Archbishop Clifford reminded the new deacons that the life of a deacon is a life of service, particularly service of the poor. He praised the candidates for their courage in undertaking a lifelong commitment to celibacy and service. He reminded the four new deacons that the election of Pope Francis has signalled a time of hope and joy for the universal Church.
Those ordained include Liam Boyle (25) of the Diocese of Raphoe who entered the seminary following completion of his secondary education. The three others ordained are graduates of Trinity College, Dublin. Brian Fitzpatrick (35) of the Diocese of Dromore is a medical doctor. Dominic McGrattan (29) of the Diocese of Down and Connor is a graduate in law while Pat O’Donoghue (35) of the Diocese of Cloyne is a pharmacy graduate.
All four deacons are currently studying theology at the Jesuit-run Pontifical Gregorian University in Rome following previous seminary studies for three of them at Saint Patrick’s College Maynooth and for the other at Saint Malachy’s College, Belfast. Ordination to the diaconate is most often received one year prior to ordination to the priesthood.
The ordination ceremony was attended by over one hundred family members and friends from Ireland. It was held at the Irish College in Rome which dates from 1628 and has been educating generations of priests for service in Ireland’s twenty six dioceses since then.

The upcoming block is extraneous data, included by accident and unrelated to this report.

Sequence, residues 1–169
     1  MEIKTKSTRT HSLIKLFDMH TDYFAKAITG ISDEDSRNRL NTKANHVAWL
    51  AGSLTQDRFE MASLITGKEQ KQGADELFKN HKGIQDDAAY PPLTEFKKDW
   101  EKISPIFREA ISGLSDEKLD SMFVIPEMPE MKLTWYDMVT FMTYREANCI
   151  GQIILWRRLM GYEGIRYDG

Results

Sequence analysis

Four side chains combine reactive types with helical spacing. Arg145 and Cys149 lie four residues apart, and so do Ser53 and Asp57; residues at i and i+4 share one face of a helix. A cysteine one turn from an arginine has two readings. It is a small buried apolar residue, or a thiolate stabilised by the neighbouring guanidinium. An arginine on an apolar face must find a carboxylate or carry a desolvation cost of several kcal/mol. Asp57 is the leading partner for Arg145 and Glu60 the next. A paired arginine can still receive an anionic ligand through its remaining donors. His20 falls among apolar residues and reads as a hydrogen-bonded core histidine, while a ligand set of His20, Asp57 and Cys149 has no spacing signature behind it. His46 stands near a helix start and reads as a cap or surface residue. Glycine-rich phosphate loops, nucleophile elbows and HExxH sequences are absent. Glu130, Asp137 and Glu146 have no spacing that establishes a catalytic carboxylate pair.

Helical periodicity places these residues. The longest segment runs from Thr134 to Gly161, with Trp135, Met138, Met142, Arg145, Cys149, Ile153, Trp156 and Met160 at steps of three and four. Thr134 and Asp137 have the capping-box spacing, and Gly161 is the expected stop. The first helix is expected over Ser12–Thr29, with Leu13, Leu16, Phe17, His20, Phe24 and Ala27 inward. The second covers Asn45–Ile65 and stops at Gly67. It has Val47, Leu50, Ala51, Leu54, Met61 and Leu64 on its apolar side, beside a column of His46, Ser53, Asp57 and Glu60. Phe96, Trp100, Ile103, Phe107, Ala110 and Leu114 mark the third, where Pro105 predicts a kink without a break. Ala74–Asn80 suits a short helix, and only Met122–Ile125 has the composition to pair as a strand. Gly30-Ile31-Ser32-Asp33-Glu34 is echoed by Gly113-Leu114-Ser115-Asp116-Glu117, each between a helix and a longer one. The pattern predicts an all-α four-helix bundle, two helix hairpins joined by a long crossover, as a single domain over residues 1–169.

In *2011, the 26 dioceses of Ireland had 91 students for the priesthood assigned to them. Statistics on ordination and those entering religious life state that there were six diocesan ordinations in 2011 that is compared with nine in 2006 and 29 in 2001. In 1984 when the first such statistics were available there were 76 ordinations.
Looking at other ordinations the figures reveal that clerical religious orders ordained five and professed seven men in 2011, compared with five ordinations and two professions in 2006 and 10 and six in 2001.
A number of men were ordained for the permanent diaconate in various diocese in 2012. They will continue to serve in their diocese in the coming years and undertook special studies for the permanent diaconate.
Deacons represent Christ the servant sacramentally. A deacon is called to embody the work of Christ in charity, in the word and at the altar. There are as many ways of serving: deacons can baptise, witness marriages, bring viaticum to the dying, visit the sick and housebound, assist in sacramental preparation, promote knowledge of the social teaching of the Church, and preside at funerals. Deacons proclaim the Gospel and may serve as the homilist at Mass.
*figures compiled by The Council for Research & Development, Irish Bishops’ Conference
By Ann Marie Foley